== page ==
Calcium supplements increase risk of myocardial infarction

Mark J Bolland, Andrew Grey, Alison Avenell, Ian R Reid

Research output: Contribution to journalLetterpeer-review

13 Citations (Scopus)


The cardiovascular safety of calcium supplements has been revisited with a further meta-analysis,((1)) which concludes that calcium supplementation does not increase coronary heart disease in women, without providing data for men. Their conclusion is at odds with that of our meta-analyses, which reported that calcium increased the risk of myocardial infarction (MI) and possibly stroke in men and women together.((2,3)) There are important differences between approaches to the meta-analyses. In the current paper and previously, the authors suggest that including men and self-reported events may have explained the increased risk of MI from calcium. © 2014 American Society for Bone and Mineral Research.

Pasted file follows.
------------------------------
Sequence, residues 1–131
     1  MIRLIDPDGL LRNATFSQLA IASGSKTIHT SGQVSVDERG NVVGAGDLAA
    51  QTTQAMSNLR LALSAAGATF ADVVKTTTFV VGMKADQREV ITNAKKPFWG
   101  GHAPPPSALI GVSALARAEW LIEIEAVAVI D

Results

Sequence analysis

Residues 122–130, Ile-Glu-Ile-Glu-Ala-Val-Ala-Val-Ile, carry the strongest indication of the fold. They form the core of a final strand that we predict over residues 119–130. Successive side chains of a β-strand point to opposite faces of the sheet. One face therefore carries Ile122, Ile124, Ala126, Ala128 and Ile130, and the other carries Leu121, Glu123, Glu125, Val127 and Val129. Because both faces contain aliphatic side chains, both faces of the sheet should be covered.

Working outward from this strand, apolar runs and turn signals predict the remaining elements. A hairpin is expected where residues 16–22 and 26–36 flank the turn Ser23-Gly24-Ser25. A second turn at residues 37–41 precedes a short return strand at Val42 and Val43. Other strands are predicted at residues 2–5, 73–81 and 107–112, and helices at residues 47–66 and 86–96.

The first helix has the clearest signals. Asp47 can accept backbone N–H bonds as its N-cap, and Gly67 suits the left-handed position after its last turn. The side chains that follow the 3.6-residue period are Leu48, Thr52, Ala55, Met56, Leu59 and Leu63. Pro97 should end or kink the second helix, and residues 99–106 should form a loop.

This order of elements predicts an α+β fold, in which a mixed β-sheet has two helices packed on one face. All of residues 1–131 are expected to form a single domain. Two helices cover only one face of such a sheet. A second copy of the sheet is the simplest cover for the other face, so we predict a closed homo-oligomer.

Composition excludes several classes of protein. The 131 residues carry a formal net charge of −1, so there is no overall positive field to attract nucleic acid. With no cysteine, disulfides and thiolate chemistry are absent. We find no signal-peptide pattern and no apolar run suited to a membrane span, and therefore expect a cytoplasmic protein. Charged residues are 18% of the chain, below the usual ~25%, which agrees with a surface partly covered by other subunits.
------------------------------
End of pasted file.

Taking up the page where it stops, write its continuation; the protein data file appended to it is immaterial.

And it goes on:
Original languageEnglish
Pages (from-to)389-390
Number of pages2
JournalJournal of Bone and Mineral Research
Issue number2
Early online date22 Jan 2015
Publication statusPublished - Feb 2015


  • Calcium Supplements
  • Myocardial Infarction


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